On Tuesday the House Elementary and Secondary Education Committee heard HB1133 (R. Black) that is designed to restart and improve on the Career Ladder Program. The Career Ladder program is a voluntary salary supplemental program where teachers can earn additional compensation based upon the number of hours of work that is done outside of the contracted time. Currently a local district is required to contribute 60 percent of the cost with the state picking up the remaining 40 percent. This bill would switch the percentages to 60 percent for the state and 40 percent for the local district.
The bill lists additional responsibilities and volunteer efforts outside of compensated hours may include uncompensated coaching, supervising, and organizing extracurricular activities, serving as a mentor or tutor to students, additional teacher training or certification, or assisting students with college preparation.
Teachers in districts that elect to participate would be eligible to begin the Career Ladder Program after five years of teaching. Rep. Rusty Black indicated that eligibility would be changed to allow teachers to start Career Ladder after two years of teaching. Teachers on Step I would work 60 hours outside of contracted time and earn $1,500, Step II would be 90 hours and $3,500 and Step III would be 120 hours and $5,000. Teachers must remain on Step I for two years and Step II for three years before getting to Step III.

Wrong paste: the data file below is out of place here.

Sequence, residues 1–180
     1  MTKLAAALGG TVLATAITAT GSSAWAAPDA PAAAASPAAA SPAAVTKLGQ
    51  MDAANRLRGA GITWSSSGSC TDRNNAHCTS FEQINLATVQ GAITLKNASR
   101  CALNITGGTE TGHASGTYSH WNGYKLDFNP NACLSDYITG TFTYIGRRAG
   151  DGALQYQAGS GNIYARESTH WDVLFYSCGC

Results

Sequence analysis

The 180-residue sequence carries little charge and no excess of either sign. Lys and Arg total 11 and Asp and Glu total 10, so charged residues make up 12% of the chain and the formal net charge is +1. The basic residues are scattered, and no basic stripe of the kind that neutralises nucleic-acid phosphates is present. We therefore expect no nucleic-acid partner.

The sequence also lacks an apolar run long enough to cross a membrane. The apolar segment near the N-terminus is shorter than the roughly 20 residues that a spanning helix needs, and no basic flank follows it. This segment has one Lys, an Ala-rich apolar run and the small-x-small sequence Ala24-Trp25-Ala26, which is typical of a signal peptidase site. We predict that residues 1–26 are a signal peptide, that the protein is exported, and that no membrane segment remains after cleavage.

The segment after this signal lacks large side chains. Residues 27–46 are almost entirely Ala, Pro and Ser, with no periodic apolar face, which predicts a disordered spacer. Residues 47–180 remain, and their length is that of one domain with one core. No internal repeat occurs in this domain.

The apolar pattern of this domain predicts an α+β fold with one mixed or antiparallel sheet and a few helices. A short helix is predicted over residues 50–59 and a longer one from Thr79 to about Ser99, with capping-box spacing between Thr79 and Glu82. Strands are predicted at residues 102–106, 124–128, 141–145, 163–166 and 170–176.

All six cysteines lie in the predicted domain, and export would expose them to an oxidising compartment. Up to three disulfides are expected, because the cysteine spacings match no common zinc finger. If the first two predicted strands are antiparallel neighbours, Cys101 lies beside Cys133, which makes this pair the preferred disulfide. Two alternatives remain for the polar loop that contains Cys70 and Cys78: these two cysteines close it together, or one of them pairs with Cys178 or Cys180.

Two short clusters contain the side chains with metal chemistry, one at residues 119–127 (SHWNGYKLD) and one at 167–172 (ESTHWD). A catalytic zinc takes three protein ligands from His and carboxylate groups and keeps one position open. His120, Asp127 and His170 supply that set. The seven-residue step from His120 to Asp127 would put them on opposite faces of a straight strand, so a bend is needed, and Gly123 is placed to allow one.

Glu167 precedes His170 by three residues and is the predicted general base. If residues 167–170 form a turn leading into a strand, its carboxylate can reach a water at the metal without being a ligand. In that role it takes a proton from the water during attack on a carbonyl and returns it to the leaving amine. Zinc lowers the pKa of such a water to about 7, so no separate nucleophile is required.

Career Ladder would continue to be subject to the legislature appropriating money to restart the program. Career Ladder was last funded in 2010 with $37.6 million and had 343 participating districts and 17,980 teachers.
On Wednesday the House Committee on Emerging Issues heard HB727 (C. Smith) that provides an income tax deduction on the income received by any taxpayer for his or her services as a teacher or paraprofessional. The bill would phase in such a deduction beginning Jan. 1, 2022, the deduction will be worth 25 percent of such income. The deduction will be increased each year at 25 percent increments of such income, ending at 100% on January 1, 2025.